March 10, 2002

KDE 3 developers rebut mismanagement charges

Author: JT Smith

This is the KDE developers' point-by-point rebuttal to Neil Stevens' charges, published here Saturday, that "KDE 3 has been mismanaged..." Read the complete text below or see it here. )
List:     kde-core-devel
Subject:  Re: KDE Development Policy
From:     Dirk Mueller 
Date:     2002-03-09 12:03:28
[Download message RAW]

On Fre, 08 Mär 2002, Neil Stevens wrote:


> 1) Packages missing from the release entirely (1)

That was correct for a few hours after the rc1 announcement, in which I took 
a round of sleep. I fixed the problem immediately after waking up and 
talking with Stefan Westerfeld for coordinating the version number increase. 

> 2) Rampant compile problems

Like ?

Indeed there are problems on non-gcc platforms, which made us require 
updating the admin directory to a newer libtool version. However, thats your 
point 3 already. 

> 3) Last-minute changes to build requirements that cannot be met by
> many developers without an operating system upgrade (2)


Let me put the facts straight: 

- The libtool update got necessary because of the RPATH encoding problems
  in the previously using libtool version. Furthermore the previously
  used libtool version was a dead end as well. It was the heavily 
  self-patched version of a forked version of an outdated libtool 
  development branch that never made it into any libtool release IIRC. 

- The libtool update was indeed very late, thats correct. But you have
  to remember that the _preparation_ of the update took some time as well
  (integrating libtool HEAD, fixing all the bugs in it, testing compilation
  under many setups). I personally can not judge about if this step was
  "good" or not, but I have to trust Michael Matz and Stephan Kulow upon
  this decision. 

- the libtool update does _not_ require an operating system upgrade. 
  autoconf is a perl and m4 based package of less than 1MB size in source.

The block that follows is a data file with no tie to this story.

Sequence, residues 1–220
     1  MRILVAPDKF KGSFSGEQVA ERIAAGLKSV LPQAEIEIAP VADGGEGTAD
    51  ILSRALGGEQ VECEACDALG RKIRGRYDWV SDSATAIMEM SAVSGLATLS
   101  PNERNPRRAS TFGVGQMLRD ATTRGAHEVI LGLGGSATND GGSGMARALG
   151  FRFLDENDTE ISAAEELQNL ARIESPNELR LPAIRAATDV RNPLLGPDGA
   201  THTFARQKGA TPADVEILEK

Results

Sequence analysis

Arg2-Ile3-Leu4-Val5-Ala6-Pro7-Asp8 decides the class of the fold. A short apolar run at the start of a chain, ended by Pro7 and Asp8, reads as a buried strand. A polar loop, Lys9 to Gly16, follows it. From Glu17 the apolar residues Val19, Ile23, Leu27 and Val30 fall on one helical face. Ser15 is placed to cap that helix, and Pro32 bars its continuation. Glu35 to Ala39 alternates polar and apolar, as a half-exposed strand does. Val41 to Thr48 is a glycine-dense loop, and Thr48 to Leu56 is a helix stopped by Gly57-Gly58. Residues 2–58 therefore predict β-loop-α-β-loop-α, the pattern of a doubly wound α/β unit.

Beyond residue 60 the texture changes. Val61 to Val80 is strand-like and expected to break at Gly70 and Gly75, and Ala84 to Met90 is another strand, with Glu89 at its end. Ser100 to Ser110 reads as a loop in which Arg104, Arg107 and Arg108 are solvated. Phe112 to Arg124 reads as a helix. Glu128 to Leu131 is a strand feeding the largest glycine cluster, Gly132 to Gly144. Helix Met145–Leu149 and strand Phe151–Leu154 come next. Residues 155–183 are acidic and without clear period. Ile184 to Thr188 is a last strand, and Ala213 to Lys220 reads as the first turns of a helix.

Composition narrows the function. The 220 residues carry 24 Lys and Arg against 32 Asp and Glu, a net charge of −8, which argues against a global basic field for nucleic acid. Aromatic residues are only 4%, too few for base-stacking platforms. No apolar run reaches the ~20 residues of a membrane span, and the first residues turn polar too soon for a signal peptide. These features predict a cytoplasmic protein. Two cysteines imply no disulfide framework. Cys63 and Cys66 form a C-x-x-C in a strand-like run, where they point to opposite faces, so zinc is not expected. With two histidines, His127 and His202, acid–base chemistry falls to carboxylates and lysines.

compiling and installing it takes less than 5 minutes, it is compilable
  out of the box on about each and every broken system you can think of. 
  Furthermore many newer distributions ship it by default anyway. 
  If you upgrade your operating system instead of updating autoconf its
  your decision and not forced by KDE itself. 

- The build requirements update was a step to do anyway. We simply can not
  keep the compatibility with autoconf 2.1x and 2.5x over a longer period
  of time. For my personal opinion, adjusting the build requirements is
  better done for a major release like 3.0 instead of a "normal" release
  like 3.1. 

- autoconf is only required during make -f Makefile.cvs, which is not 
  supposed to be run by the user who compiles KDE from source. They will
  download the tarballs and configure it just like all the tarballs before, 
  even if you have an older version of autoconf. 

- If you think about it, almost all Linux distributions had to replace
  our outdated build system because it did not support many of platforms
  people want to use KDE on, like ia64 in example. 

- If you really consider the libtool update to be a problem, then feel
  free to: 
  a) fix libtool to work with older autoconf versions
  b) maintain an "admin.old" directory with the older checkout for
     people to download and use. However I almost bet that replacing the
     admin dir before compiling is even more work than updating autoconf.

> 4) Many outstanding bugs (3)

Again, let me put the facts straight:

- The incoming flow of bugreports is greater than 
  the rate of fixed bugs for quite a while already. so its quite natural
  that there are many outstanding bugreports. 

- Many of the incoming bugreports are reported against KDE 2.2.0 or
  2.2.1 and not reproduceable with CVS HEAD any more for quite a while. 
  Do you really want to delay the release of 3.0 even more to collect
  even more bugreports about "obsolete" KDE versions that almost nobody
  (except Laurent from Mandrake) develops against ?

- If you have a look at, you will realize that the amount
  of open bugreports went down rapidly during KDE III meeting. With
  the exception of khtml, which has about 800 open bugreports, and konqueror
  with about 380 open bugreports, every package has less than about 50 open
  bugreports, with many many less than 10 open ones. 
  Except for khtml problems I would say KDE is in a pretty good shape 
  right now, if you measure it by looking at the amount of open bug reports. 

- With the size of KDE and the amount of apps and the amount of users
  its unrealistic that you will reach the "open bug reports == 0" aim
  at _any_ time. 

If you have a better solution for scheduling the KDE release for a time when 
there are no open bugreports (or a way to achieve that), please let me know. 

> 1) When users and developers cannot build KDE, they cannot test KDE

Those who can not build KDE and think its a KDE problem, should report the 
problems so that we can fix them.